Vets perform rare blood transfusion to save tiger

Indian vets have carried out a rare blood transfusion on a seven-month-old tiger in a desperate effort to save the animal's life after it was attacked by angry villagers.

The female tiger - still technically a cub - was provided with blood from two adult tigers being held in captivity after she and her sister were rescued by wildlife officials after being beaten by the villagers in Maharashtra, in central India. As is often the case in this country, the villagers were fearful that the two animals were poised to attack children and cattle.



"The cubs were in bad shape at the time they were rescued. They were starving," said Bimal Majumdar, the chief wildlife officer in the region. "The villagers had also beaten them with sticks so they were injured as well."



The cub that required the transfusion - named Juhi after a fragrant white flower that is native to India - was yesterday said to be in a serious condition in a zoo in the city of Nagpu. Juhi and her sister, Jai, were rescued two weeks ago after they were apparently abandoned by their mother and then attacked.



At Nagpur, Juhi underwent what is believed to be the first such blood transfusion of its type. Increasingly concerned about her condition and her falling haemoglobin levels, officials sent a request to the Sanjay Gandhi National Park in Mumbai, where doctors tranquilised two adult tigers and drew three-fourths of a pint of blood from each of them.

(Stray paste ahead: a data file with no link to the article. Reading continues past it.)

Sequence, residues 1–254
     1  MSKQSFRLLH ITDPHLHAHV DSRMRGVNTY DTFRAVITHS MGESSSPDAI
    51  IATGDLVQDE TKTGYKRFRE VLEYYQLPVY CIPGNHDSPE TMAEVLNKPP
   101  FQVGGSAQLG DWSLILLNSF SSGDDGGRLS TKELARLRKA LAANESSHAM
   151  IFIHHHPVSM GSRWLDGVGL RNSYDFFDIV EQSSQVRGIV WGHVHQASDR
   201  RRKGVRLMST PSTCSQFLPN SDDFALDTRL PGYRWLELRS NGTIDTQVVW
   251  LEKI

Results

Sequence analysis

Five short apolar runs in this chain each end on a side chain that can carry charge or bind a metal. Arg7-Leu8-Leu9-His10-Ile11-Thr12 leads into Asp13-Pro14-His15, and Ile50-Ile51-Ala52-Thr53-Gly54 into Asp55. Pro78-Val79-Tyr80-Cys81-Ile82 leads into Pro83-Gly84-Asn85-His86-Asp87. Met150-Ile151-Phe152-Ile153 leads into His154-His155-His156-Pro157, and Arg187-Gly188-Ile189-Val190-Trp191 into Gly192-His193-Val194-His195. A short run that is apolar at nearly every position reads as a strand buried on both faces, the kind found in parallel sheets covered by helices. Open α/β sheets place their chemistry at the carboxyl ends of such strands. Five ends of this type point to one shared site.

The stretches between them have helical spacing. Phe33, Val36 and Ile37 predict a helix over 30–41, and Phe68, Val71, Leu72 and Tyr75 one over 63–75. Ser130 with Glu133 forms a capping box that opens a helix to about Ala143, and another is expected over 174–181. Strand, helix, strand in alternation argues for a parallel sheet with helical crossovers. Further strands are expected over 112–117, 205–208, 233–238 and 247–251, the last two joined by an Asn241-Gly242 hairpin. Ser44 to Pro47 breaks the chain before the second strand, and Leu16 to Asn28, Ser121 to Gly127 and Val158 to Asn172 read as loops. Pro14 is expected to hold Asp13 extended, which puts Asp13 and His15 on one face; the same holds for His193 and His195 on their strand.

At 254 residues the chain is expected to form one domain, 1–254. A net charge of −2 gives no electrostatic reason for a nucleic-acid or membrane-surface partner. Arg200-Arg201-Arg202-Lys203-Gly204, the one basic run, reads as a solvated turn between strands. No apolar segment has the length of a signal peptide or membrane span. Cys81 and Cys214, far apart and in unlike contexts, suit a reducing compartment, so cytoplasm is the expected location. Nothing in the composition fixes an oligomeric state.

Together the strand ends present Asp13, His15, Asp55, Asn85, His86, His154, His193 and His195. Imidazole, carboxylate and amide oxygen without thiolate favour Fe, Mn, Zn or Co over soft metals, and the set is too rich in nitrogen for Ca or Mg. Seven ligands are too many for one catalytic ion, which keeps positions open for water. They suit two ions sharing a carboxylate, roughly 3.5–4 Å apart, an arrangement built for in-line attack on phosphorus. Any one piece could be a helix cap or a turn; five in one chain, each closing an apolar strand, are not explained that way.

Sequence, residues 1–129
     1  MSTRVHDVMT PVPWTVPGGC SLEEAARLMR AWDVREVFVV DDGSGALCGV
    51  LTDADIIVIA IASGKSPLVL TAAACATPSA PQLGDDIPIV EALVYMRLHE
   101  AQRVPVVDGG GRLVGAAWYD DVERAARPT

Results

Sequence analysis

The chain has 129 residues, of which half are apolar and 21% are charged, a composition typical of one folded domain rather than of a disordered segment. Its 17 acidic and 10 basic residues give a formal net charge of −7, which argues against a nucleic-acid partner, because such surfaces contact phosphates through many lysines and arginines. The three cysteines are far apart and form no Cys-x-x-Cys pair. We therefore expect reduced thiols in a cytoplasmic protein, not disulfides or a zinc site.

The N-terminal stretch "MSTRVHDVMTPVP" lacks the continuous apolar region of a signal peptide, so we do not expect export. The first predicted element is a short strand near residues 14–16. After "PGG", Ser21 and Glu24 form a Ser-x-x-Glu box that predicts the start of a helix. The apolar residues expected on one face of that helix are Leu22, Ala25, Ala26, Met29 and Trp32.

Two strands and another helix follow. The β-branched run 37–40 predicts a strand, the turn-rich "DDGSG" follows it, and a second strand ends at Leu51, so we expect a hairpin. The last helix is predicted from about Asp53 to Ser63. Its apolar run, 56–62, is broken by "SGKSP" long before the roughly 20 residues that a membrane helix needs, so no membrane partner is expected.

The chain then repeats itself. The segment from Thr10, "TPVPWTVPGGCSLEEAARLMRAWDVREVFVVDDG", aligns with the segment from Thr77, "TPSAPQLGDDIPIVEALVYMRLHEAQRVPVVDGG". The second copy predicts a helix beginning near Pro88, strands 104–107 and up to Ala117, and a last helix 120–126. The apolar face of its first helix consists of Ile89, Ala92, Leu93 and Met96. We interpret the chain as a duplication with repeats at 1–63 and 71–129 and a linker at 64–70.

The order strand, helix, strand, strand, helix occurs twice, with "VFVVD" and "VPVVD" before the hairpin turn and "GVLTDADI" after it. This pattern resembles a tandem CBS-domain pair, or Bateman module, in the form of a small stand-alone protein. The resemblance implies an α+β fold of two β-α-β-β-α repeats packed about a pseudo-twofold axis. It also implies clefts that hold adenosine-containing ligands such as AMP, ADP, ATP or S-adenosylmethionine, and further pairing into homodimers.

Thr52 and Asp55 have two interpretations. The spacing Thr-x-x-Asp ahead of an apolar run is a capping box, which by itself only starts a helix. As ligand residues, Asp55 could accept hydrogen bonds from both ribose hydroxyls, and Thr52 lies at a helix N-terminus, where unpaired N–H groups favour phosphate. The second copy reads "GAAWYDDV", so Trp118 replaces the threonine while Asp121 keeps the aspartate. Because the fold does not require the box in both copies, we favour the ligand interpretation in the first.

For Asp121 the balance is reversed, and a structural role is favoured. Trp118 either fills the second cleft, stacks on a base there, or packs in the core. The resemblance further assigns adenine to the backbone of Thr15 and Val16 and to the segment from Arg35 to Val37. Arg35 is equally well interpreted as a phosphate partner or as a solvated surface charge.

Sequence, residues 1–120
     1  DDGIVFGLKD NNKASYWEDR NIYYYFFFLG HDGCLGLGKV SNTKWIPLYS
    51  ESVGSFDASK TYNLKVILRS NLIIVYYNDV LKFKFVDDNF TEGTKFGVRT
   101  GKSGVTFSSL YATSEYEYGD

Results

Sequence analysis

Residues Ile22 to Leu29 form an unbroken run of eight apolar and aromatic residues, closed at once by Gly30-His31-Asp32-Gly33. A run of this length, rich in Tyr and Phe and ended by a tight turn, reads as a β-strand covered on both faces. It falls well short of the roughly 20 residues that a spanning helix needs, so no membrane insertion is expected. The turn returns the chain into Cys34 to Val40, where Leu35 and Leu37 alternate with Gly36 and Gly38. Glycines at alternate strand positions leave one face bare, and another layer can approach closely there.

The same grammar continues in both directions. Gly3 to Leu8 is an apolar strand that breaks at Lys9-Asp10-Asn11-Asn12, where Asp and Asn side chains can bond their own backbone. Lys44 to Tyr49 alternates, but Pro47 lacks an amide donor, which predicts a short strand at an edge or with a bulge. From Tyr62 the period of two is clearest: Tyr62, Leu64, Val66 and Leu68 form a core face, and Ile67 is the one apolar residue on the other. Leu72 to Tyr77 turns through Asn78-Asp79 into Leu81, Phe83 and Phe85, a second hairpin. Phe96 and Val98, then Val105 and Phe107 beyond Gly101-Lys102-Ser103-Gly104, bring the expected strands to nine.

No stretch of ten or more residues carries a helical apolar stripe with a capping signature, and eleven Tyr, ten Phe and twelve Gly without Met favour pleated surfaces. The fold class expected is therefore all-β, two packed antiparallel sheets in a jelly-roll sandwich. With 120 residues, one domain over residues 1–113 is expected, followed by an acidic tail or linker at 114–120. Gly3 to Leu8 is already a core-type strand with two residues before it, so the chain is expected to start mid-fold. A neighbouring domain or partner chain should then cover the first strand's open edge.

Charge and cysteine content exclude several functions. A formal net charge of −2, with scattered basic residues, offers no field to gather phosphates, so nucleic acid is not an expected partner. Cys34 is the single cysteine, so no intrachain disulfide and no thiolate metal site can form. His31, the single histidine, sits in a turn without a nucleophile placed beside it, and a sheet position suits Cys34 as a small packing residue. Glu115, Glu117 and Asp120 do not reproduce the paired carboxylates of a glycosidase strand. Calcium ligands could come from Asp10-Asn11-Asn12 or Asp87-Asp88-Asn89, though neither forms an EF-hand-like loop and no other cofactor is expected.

"The blood grouping procedure is critical, but in India there has been no work done on blood groups," Vinery Jangle, the park’s head veterinarian, told the Associated Press. "There are no studies on blood types and wild tigers."



At the beginning of the 20th century, India’s tiger population was estimated to be as large as 100,000. But last year The Independent revealed how Indian officials had been informed that the numbers had fallen to as low as 1,300 animals. For a nation that is home to perhaps 80 per cent of the world’s wild tigers, the revelation was staggering and the government undertook to take more steps to preserve the animal and its habitat.



But India’s growing population and the spread of urban areas is increasingly putting humans into contact with tigers. As a result, many villagers see tigers as a deadly menace rather than something to be preserved and treasured.



At the same time, large numbers of tigers fall victim to poachers providing the East and South-East Asian trade in rare animals parts and furs. For all its promises, the Indian government has yet to effectively address the issue of poachers. There are also other challenges the tigers of South Asia; in the Sunderbans - the delta region of India and Bangladesh - rising sea levels is destroying tiger habitat and placing them in increased contact with humans.



The rarity of the animals explains the efforts that officials were prepared to take to try and save Juhi. Pandurang Munde, director of the wildlife part in Mumbai, said: "We needed to save the young one’s life. If the hemoglobin was low, there was only one remedy - blood transfusion."



Last night, Juhi was being closely monitored. She was attached to a saline drip and CCTV had been installed so that officials could watch her health around the clock. "She is still not in good shape," said Mr Majumdar. "So we have our fingers crossed."



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